When an investor chooses to buy a stock, they study the stock's potential future earnings. Why couldn't this principle be applied to education?
I visit a lot of school districts and the most common complaint is lack of funding. Curious, considering that we are training the next generation of adults. We have often heard “it takes a village to raise a child”. But, to generalize, “it takes a society to raise our children.” Why don't we invest more in this precious asset?
What if school districts issued stocks and traded on the open market? After all, their assets are students. Each one of them has potential future earnings. Education stocks could be viewed as blue-chip assets (take note, Berkshire Hathaway!). Slow growth and small but meaningful returns. Investors could look at ROI, current performance on standardized testing (literacy and numeracy scores), growth factors (increasing or decreasing enrollment). Technical analysis of these stocks would be easy to perform considering the amount of data that is collected by most school districts.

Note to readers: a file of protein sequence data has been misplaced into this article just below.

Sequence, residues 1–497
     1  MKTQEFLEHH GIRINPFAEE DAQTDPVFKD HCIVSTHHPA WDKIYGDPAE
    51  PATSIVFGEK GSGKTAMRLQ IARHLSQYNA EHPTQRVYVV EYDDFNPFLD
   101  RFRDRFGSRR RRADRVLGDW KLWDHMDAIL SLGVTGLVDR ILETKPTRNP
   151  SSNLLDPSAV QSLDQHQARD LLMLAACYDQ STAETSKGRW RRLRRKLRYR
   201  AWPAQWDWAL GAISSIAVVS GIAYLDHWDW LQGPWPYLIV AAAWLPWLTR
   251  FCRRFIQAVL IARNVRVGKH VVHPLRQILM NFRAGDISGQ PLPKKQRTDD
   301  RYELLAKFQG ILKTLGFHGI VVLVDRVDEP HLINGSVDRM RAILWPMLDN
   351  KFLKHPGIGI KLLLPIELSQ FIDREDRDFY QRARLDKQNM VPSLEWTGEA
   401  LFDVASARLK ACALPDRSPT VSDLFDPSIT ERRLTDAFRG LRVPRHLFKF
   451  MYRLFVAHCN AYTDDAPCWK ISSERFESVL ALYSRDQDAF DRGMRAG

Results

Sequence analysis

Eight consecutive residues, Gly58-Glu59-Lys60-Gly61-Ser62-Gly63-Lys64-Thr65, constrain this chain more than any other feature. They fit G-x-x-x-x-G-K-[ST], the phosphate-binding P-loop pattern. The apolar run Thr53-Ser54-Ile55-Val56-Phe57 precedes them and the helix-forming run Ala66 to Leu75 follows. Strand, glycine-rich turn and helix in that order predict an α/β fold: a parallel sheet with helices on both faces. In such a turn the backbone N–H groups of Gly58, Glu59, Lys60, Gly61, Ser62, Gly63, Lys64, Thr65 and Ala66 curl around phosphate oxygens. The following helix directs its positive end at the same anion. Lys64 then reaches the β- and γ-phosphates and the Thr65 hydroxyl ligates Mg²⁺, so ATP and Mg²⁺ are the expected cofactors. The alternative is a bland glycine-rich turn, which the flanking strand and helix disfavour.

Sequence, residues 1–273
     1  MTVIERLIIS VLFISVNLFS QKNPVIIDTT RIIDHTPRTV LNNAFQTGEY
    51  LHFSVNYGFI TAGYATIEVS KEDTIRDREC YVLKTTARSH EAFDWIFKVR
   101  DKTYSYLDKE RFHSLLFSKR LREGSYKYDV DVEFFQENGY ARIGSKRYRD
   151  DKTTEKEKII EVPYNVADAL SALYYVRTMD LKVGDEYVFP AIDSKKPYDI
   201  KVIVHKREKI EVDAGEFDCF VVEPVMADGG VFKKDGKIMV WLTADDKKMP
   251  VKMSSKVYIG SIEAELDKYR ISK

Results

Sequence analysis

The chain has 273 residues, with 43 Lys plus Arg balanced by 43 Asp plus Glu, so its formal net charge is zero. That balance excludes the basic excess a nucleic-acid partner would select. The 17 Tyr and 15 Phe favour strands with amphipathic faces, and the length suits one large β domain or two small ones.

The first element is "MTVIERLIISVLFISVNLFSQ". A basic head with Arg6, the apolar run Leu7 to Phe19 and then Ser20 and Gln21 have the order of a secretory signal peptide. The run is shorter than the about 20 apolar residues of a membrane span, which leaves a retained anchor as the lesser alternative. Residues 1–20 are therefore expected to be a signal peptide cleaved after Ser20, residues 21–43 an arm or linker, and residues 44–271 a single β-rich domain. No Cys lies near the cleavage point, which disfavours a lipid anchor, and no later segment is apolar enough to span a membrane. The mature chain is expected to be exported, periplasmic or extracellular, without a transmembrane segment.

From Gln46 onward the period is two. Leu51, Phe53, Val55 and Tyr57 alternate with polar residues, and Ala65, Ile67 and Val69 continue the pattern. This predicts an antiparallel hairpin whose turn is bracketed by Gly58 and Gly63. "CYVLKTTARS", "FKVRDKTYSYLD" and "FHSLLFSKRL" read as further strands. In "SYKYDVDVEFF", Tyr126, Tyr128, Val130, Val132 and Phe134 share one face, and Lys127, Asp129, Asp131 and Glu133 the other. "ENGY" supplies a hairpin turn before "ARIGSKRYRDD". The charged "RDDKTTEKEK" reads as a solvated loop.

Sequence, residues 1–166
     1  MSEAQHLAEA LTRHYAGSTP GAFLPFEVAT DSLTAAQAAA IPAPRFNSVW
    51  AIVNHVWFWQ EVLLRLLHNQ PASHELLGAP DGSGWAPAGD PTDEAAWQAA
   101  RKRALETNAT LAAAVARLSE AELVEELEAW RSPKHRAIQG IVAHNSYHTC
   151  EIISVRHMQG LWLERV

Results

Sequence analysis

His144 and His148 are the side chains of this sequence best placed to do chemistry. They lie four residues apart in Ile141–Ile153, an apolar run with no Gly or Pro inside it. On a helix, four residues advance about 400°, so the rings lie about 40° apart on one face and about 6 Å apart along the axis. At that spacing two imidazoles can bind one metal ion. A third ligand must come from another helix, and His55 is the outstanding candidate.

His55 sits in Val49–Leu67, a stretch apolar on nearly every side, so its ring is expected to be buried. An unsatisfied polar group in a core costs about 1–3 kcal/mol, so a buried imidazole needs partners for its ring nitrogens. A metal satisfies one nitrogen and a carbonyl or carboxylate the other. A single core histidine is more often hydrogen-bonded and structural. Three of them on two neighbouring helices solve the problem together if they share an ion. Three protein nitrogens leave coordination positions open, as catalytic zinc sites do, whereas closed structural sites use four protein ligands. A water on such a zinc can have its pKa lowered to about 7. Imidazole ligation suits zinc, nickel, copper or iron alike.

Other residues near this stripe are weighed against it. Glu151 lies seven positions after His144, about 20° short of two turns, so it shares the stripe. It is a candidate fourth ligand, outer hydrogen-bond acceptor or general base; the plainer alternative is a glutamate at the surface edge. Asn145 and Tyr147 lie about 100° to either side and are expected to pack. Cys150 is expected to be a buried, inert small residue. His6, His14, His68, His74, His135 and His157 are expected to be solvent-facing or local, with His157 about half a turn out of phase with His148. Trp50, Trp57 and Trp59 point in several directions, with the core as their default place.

And how would investors realize returns? By tying education stocks to the Dow Jones index. The results of good education is a highly employable, innovative and creative workforce. This means that our economy in the future will benefit and the value of all stocks will increase.